Suggesting sugar is not evil does not mean you’re saying it’s ok to eat an entire box of donuts!

29th March, 2021

Why is it that when you speak out against extreme views, the perpetuators of those views suggest you must be encouraging the opposite – so with food, suggesting sugar is not evil means you’re saying it’s ok to eat an entire box of donuts!*

This type of black and white thinking is what causes so much confusion around what it means to eat well. Some more examples…

Choosing not to quit sugar does not mean you are going to automatically eat excess sugar.

Choosing not to cut carbs doesn’t mean you’ll eat an entire loaf of bread everyday.

Enjoying a beer and chips does not mean you or your diet is unhealthy. In fact enjoying any food or drink seen as “unhealthy” does not mean you or your diet are unhealthy.

Equally… quitting sugar, or any food, or choosing to go vegan, paleo or gluten free does not mean you and your diet are automatically healthy. You can do these things and improve health, but they are not necessary, and in many cases extreme measures only have a short-term effect, with the longer-term effect being an on-going struggle with food and weight which leaves many emotionally and physically worse off.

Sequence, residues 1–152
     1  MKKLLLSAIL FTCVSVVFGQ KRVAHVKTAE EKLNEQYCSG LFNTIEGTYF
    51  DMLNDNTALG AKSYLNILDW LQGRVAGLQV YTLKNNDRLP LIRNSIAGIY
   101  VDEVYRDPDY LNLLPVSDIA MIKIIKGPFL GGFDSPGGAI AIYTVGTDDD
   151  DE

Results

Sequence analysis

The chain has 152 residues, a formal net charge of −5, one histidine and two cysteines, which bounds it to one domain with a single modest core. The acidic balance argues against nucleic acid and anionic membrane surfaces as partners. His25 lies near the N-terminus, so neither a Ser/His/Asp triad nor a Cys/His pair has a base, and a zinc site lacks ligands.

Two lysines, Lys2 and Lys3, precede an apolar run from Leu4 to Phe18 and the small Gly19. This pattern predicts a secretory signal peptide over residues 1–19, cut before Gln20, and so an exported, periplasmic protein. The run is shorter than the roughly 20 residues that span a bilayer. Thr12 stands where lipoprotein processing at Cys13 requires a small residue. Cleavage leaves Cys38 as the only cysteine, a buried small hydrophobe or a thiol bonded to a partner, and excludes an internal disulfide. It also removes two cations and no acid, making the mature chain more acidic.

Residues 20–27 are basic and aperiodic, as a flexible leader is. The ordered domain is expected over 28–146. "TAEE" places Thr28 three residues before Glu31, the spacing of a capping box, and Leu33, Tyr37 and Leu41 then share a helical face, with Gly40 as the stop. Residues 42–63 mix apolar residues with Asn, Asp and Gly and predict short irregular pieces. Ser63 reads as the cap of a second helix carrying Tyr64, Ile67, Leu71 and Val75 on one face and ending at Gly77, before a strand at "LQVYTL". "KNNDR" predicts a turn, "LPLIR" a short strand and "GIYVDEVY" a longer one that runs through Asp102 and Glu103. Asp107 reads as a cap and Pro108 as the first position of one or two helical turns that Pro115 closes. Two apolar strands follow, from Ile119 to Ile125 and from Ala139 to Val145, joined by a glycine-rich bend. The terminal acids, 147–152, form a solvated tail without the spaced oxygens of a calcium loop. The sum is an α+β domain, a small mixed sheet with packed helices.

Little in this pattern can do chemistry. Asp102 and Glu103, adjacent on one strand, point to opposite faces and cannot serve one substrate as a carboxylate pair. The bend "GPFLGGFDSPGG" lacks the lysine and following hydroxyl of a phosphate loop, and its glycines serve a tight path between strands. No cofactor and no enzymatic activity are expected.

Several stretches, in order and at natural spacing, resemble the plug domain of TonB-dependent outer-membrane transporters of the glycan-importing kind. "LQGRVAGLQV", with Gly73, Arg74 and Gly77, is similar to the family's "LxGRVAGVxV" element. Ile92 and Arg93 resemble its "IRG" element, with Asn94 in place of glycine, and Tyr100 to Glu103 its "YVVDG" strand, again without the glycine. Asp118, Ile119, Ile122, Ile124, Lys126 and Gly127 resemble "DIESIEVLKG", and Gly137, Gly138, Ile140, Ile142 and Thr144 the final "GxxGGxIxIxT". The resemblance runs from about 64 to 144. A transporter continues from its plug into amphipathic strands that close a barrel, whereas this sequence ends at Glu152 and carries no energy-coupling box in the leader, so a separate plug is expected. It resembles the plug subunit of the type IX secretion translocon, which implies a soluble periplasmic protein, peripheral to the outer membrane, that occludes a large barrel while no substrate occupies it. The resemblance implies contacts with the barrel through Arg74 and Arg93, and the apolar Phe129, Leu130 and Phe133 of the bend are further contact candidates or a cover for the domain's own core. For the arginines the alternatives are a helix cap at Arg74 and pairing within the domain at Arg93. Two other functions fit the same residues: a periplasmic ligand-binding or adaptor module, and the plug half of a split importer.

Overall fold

The wonderful news is there is a place which flows somewhere in between the extremes of abstinence and excess and that place is called MODERATION. I say “flows” as moderation is not a static or fixed place. Moderation means sometimes saying no and sometimes saying yes, sometimes having a little and sometimes having more. All of this depends on the circumstances at the time of eating.

If you’re disagreeing with this and thinking that you are likely to polish off a loaf of bread or box of donuts, it may very well be because you’re trying restrict these foods. It’s human nature to “want what you can’t have” and making things forbidden, brings on “the forbidden fruit” effect and the food becomes even more enticing. A bit like that piece of clothing you see in a shop that you like (last one in your size) but you calmly pass it by before someone else picks it up to try it on, and suddenly you decide you really like it and pray they don’t buy it! Scarcity stirs up anxiety and abundance creates calm.